A Carbon Tax In Shipping Could be An Important Step Say Panelists
Today’s (9 April) opening session of the Sea Asia 2019 conference, the Sea Asia Global Forum, featured discussions on key issues facing the maritime industry, with veteran leaders representing both ship owners and cargo interests on the panel.
The panel consisted of: Mr Erck Rickmers, Chairman of E.R. Capital; Mr Andreas Sohmen-Pao, Chairman of BW Group and Chairman of Singapore Maritime Foundation; Mr Tan Chong Meng, Group Chief Executive Officer at PSA International; and, Mr Søren Toft, Member of the Executive Board and Chief Operating Officer at A.P Møller – Mærsk A/S.
Moderated by Teymoor Nabili, Journalist, Broadcaster and Managing Editor at TheSignal.asia, the panel discussed both the short and long term outlook for the industry – noting the recent and continuing pace of change in an evolving and uncertain economic environment, the adoption of new technologies, and a need to adapt operations for a more sustainable future.
While this uncertainty was acknowledged by the panel, Mr Sohmen-Pao provided a positive view, highlighting that maritime industry’s importance has never been greater. Pointing to China’s growth, his view is that there remains a significant opportunity for the industry to continue to thrive, as demand for the supply of goods globally continues to increase.
Broadly, the panellists see the IMO 2020 regulations as a positive step change for the industry but acknowledge that more detail is required to understand how they will be overseen.
In this context, the panellists also canvassed the potential for a carbon tax. Mr Toft, Mr Sohmen-Pao and Mr Tan agreed that a carbon tax is an important step to encourage the industry to address climate change. Mr Tan stressed that any tax needs to be applied to all players in order for the industry to remain competitive and fair for all.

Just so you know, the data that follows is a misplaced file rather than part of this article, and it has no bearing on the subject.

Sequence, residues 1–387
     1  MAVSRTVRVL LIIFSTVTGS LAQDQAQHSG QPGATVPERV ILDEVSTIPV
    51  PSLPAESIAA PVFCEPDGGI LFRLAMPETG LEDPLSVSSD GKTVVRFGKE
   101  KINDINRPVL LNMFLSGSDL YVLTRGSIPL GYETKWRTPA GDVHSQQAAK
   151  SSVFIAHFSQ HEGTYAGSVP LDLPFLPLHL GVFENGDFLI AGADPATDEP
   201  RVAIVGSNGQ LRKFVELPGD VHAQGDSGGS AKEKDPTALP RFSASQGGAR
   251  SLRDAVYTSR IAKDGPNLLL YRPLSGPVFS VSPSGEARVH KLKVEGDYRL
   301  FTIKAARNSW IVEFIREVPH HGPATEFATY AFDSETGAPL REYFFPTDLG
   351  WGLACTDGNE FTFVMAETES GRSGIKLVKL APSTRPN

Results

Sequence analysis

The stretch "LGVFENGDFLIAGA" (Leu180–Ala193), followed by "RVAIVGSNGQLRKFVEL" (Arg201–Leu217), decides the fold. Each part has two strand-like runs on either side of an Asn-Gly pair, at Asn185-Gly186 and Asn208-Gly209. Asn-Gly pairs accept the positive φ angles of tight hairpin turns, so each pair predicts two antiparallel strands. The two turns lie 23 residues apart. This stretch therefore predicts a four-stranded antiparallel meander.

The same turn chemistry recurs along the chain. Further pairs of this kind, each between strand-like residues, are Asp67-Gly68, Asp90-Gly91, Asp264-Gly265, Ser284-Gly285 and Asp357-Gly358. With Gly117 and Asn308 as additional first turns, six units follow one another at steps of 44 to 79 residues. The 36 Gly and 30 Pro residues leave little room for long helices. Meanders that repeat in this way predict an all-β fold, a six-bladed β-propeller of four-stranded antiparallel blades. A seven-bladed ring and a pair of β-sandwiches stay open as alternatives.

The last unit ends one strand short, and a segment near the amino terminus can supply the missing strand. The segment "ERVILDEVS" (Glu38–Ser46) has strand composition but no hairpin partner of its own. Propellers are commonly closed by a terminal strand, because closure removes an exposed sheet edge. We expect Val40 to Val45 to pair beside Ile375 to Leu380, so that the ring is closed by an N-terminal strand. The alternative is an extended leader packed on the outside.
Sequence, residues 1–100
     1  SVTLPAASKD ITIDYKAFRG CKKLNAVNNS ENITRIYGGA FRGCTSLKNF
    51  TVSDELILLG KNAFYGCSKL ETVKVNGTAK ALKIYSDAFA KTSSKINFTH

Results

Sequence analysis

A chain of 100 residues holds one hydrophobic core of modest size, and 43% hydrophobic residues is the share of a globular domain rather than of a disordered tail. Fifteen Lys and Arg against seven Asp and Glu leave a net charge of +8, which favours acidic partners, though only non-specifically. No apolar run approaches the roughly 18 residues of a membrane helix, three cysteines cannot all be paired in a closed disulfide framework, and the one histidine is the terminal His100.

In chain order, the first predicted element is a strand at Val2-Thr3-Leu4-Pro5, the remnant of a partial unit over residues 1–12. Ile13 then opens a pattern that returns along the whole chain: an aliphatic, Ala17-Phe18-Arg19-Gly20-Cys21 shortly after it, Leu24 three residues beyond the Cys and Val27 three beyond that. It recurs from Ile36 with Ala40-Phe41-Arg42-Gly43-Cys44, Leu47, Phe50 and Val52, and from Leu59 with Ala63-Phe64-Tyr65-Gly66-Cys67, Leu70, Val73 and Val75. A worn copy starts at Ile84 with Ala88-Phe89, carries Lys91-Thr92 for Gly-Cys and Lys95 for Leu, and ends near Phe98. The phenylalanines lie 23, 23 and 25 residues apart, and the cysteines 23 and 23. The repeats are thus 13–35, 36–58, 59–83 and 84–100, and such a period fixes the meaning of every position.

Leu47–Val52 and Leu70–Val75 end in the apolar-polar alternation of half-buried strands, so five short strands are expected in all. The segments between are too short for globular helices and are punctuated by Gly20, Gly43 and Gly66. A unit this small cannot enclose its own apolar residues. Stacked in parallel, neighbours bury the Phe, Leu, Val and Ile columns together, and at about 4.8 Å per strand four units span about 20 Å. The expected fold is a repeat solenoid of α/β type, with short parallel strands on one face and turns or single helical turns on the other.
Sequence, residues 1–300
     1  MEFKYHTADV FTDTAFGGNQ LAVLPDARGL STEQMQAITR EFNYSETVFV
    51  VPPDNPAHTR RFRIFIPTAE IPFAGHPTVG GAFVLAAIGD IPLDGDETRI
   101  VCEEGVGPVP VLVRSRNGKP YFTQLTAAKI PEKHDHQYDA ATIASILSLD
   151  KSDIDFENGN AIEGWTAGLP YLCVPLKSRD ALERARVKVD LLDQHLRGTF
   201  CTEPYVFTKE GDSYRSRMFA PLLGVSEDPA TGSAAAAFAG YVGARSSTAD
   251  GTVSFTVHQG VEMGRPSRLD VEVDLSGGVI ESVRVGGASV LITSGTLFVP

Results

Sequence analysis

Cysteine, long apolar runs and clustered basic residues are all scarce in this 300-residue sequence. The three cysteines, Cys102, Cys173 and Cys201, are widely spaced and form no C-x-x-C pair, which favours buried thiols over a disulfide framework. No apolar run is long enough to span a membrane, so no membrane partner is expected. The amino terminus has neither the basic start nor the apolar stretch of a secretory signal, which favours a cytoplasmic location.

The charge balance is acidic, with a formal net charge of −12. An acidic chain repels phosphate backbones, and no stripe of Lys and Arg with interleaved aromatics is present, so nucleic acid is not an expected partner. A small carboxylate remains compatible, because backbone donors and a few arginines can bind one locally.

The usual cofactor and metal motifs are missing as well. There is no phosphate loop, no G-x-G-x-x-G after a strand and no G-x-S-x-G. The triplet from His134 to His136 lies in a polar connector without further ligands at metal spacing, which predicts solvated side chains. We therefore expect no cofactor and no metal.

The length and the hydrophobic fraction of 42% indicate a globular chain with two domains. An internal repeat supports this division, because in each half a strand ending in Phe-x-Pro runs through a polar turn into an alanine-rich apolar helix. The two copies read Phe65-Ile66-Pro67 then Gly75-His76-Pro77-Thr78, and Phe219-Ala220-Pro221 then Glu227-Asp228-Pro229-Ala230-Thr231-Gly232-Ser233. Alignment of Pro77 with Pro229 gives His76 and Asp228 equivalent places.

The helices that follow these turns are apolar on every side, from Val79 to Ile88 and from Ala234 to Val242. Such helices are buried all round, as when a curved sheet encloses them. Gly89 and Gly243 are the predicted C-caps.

Mr Toft added that it is important for the industry to invest for the future and one way to do this is to channel revenues into R&D to address decarbonisation in shipping.
While the maritime industry is largely seen as lagging behind in adopting new technology, Mr Rickmers said that it is ready to adopt change. While it may take a little more time, he is positive that the shipping industry will become as digitised as other sectors.
The opportunities presented by digitisation was discussed, namely the ability for technology to improve communication between shore workers and sea farers, as highlighted by Mr Toft, who said the use of sensors on ships enables the teams to work together to optimise operations. Digitisation also provides huge potential for the industry to more easily and efficiently increase volumes of trade globally.
The panellists also assessed whether the maritime workforce can keep up with the adoption of these technologies. In response, Mr Tan highlighted that graduates in the maritime sector can look forward to greater opportunities as they enter the workforce better prepared and multiskilled.
The Forum concluded that it is imperative for companies, regardless of their role within the industry, to focus on customers’ needs. Mr Toft said that with the uncertain economic environment and current pace of industry change, businesses need to be customer-centric to better deliver their solutions, while remaining relevant to future supply chains.
Source: Sea Asia 2019, UBM